Petrol bombs thrown at police at peak of Belfast's marching season
Fresh rioting erupted last night with violent clashes between nationalist youths and police at the traditional flashpoint area of Ardoyne in north Belfast.
Police fired plastic bullet rounds and deployed water cannon against rioters who pelted them with petrol bombs, bricks, bottles, fireworks and stones. A number of officers were injured.
Minor disturbances also took place in a number of other locations, both loyalist and republican, with vehicles hijacked and set on fire. In Londonderry a 14-year-old was arrested on suspicion of rioting.
The Ardoyne trouble broke out after an Orange march passed close to the Catholic area, where republican dissidents were determined to register their opposition.
On previous nights 22 police officers were injured as both loyalist and republican mobs used petrol-bombs and other missiles against them, though none of them was seriously hurt.
Police were stretched by the fact that disorder broke out in more than half a dozen separate locations in and around Belfast. Sixty new armoured Land Rovers were instantly brought into service, plastic bullets were fired and water cannon deployed.
In recent weeks rioters have driven hijacked vehicles, sometimes on fire, towards police lines.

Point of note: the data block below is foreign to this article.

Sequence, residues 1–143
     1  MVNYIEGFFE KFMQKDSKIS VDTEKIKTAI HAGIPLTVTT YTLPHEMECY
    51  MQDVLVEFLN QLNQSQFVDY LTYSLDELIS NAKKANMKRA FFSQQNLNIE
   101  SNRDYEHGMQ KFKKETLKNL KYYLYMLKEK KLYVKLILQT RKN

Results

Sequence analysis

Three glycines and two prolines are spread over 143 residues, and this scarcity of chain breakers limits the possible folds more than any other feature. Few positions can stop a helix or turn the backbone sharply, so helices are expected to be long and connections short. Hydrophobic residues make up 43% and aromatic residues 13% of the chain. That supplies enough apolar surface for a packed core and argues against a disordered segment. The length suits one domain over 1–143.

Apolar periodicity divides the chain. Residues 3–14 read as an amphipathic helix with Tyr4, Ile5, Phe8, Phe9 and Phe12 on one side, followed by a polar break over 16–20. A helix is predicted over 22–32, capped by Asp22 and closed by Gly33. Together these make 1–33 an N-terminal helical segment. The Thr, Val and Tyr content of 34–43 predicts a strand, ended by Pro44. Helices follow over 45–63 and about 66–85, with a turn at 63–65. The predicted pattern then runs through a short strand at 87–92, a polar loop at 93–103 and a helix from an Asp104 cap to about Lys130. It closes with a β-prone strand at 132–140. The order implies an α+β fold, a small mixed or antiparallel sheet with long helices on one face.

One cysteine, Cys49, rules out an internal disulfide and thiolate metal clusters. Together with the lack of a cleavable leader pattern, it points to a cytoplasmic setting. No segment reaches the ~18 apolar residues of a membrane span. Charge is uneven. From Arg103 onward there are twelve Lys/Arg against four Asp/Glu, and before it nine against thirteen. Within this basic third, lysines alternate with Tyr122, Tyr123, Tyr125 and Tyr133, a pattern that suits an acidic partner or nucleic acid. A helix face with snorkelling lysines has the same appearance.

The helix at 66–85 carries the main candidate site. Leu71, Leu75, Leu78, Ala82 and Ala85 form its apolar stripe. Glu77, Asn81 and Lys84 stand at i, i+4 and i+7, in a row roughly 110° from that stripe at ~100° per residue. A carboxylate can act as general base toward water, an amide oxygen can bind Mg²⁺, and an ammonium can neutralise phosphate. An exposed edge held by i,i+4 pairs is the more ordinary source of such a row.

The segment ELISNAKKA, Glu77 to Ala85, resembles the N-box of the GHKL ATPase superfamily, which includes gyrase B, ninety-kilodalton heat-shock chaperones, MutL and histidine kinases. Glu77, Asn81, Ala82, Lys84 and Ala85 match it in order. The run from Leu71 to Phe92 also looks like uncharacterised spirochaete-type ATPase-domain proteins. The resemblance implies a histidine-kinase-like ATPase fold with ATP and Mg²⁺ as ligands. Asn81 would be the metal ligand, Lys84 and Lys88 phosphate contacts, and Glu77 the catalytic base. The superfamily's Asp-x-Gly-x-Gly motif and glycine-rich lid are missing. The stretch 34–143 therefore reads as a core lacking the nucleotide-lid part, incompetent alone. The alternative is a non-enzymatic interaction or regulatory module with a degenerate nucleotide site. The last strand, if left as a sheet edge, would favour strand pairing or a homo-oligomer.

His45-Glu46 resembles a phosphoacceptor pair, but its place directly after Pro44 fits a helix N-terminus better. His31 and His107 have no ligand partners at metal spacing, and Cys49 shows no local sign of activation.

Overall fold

Few arrests have been made, since the police approach is usually to hold rioters at bay. Instead of using "snatch-squad" tactics, which carry the risk of inflaming trouble, police generally prefer to bring charges at a later date, often relying on closed-circuit TV evidence.
In recent times rioters have however increasingly worn woollen balaclavas to avoid identification. Dissident republican groups who indulge in full-scale terrorism send their members to flashpoints where they encourage local youths, who are often involved in petty crime, to take on the police.
Sinn Fein in west Belfast said yesterday that a local riot had been caused by "anti-social elements" coming together at one spot, saying: "There was clearly no rationale for gathering other than the purpose of having a riot.
"People came from other parts of Belfast, who would be known as anti-social elements, who had taken a lot of drink and were attacking the police.
"Those behind it are not welcome here. When it is all done the local community are left to pick up the pieces."
On the loyalist side rioting which took place in a number of normally peaceful locations north of Belfast was sparked when police moved in to remove a number of paramilitary flags.
While the police bore the brunt of the widespread violence other emergency services also came under attack. In west Belfast the windscreen of a fire engine was smashed by youths throwing bricks and bottles, while an ambulance crew was attacked after responding to a hoax call.
A fire service spokesman said: "We had over 200 incidents last night. It was very busy and challenging – we were dealing with a call every 75 seconds at one stage."
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